9 Teacher s Guide 9 IV. Areas and Perimeters (8 min.) Areas and Perimeters: Introduction Perimeter is the distance around the outside of a shape. Area is the amount of space inside a shape. Example 1: Areas of Rectangles with Equal Perimeters Perimeter is calculated by finding the sum of the sides of an object. Area is calculated by multiplying the length and width of an object. Shapes can have the same perimeter but different areas. Example 2: Areas and Perimeters of Different-Size Squares To calculate a square s perimeter, multiply the length of the side by four. To calculate a square s area, multiply the length of a side by itself. Different size squares have different areas. Example 3: Areas of Circles and Squares with Equal Perimeters The formulas for a circle s area, πr 2, and circumference, πd, are explained and modeled. A circle with the same perimeter as a square has a greater area. V. Variability in Measurement (7 min.) Variability in Measurement: Introduction Examples show variations in measurements. The instrument and technique used, who is measuring, and the stability of the object affect measurement. Example 1: Human Variation in Measuring Human variation can affect measurements. Holding the ruler or tape measure differently or measuring an object from a different angle results in varying measurements. Example 2: Instrument Variation in Measuring Instrument variation can affect measurements. Choosing the correct measuring tool for a task, ensuring instrument calibration and accuracy, and checking the zeroing of a scale can prevent instrument variation. Example 3: Variation in Technique of Measurement The techniques used to measure the height of Mt. Everest result in different measurements. During the past century a variety of techniques have been developed, each producing a slightly different measurement. VI. Estimation Strategy (7 min.) Estimation Strategy: Introduction Scientists use estimation to find the total number in a group. Estimating is used to find the height or total number of buildings in an area. Estimation gives a close measurement. Example 1: Estimating Height of a Totem Pole Estimation can be used to find the total height of an object when the height of one section and the total number of sections are known.

10 Teacher s Guide 10 Example 2: Estimation Work to Meet a Goal A family uses estimation to determine how long each member must work to reach a savings goal. Example 3: Estimating Population Size The capture-recapture strategy is used to determine the population of birds. Scientists capture a sample of birds, release them, and recapture a second sample. They use the numbers to determine an estimated total. VII. Selecting Units (10 min.) Selecting Units: Introduction The importance of choosing the correct unit of measurement is explained. Measurements must be meaningful to be useful. Example 1: Measuring Length Length can be measured in inches, feet, centimeters, or meters. The unit of measurement chosen is based on the size of the object being measured. The smaller the unit of measurement, the greater the number. Example 2: Measuring Volume In science, metric units are used to measure volume. The correct unit provides a precise measurement, is easy to work with, and allows comparison and communication of the measurement. Example 3: Measuring Length Length can be measured in yards, meters, miles, or kilometers. A larger unit of measurement is more useful and meaningful for long distances. Quiz I. Basic Measures 1. Shana s family wants to put a fence around the backyard. What measurement must they know to buy enough materials for the fence? A. the area of the backyard B. the mass of the backyard C. the volume of the backyard D. the perimeter of the backyard Answer: D 2. Jose s room measures 12 feet long and 18 feet wide. What is the area of the room? A. 30 square feet B. 60 square feet C. 108 square feet D. 216 square feet Answer: D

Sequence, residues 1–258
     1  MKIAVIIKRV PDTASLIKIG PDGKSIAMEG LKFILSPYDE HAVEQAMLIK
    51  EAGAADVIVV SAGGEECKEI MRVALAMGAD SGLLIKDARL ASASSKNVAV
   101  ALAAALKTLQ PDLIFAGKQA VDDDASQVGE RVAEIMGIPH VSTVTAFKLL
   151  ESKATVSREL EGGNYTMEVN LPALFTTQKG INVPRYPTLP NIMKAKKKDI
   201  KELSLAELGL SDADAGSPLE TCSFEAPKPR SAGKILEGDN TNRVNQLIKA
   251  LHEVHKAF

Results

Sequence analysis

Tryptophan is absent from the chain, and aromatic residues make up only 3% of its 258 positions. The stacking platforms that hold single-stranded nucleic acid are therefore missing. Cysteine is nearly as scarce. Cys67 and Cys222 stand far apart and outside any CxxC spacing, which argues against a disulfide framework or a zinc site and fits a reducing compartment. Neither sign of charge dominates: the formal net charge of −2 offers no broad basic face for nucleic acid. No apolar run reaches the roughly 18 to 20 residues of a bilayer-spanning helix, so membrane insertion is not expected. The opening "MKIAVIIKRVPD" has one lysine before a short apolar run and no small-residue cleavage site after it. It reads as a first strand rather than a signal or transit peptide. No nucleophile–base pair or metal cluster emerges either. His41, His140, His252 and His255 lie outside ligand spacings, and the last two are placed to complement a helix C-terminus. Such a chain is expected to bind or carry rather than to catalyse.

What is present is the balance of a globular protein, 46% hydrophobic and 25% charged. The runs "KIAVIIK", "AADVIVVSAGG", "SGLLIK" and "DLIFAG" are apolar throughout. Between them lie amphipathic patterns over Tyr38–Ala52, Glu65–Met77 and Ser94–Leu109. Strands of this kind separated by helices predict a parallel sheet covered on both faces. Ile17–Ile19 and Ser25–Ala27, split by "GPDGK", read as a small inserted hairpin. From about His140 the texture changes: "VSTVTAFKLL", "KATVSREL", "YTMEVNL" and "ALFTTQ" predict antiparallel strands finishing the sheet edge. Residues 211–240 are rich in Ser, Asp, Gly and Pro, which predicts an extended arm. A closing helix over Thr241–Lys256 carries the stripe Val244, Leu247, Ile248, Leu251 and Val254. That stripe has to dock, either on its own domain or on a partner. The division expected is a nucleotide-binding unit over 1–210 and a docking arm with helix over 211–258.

11 Teacher s Guide Marcia packs her toys in a box that measures 3 feet long, 4 feet wide, and 5 feet high. What is the volume of the box? A. 12 cubic feet B. 20 cubic feet C. 60 cubic feet D. 100 cubic feet Answer: C 4. What happens to the mass of an object when it is in outer space? A. The mass of the object increases. B. The mass of the object decreases. C. There is no mass in outer space. D. The mass of the object stays the same. Answer: D II. Tools for Measurement 1. Ben wants to measure the length of his skateboard. What tool should he use? A. protractor B. tape measure C. measuring cup D. measuring spoon Answer: B 2. What unit of measurement would you use to measure the width of a book? A. feet B. yards C. inches D. miles Answer: C 3. A large cement truck is carrying cement for the foundation of a new house. What is the most reasonable measurement of the volume of cement in the truck? A. 150 cups B. 150 teaspoons C. 150 cubic feet D. 150 square yards Answer: C

12 Teacher s Guide What tool is used to measure and construct angles? A. ruler B. protractor C. measuring cup D. measuring scale Answer: B III. Sizes of Standard Units 1. About how much does a bag of sugar weigh? A. 5 inches B. 5 quarts C. 5 pounds D. 5 gallons Answer: C 2. Addison s driveway is 15 feet long. How long is his driveway in inches? A. 45 inches B. 150 inches C. 160 inches D. 180 inches Answer: D 3. Gigi bought 84 ounces of bananas. How many pounds of bananas did she buy? A. 5 pounds B pounds C. 6 pounds D pounds Answer: B 4. 4 gallons = quarts A. 8 B. 16 C. 20 D. 32 Answer: B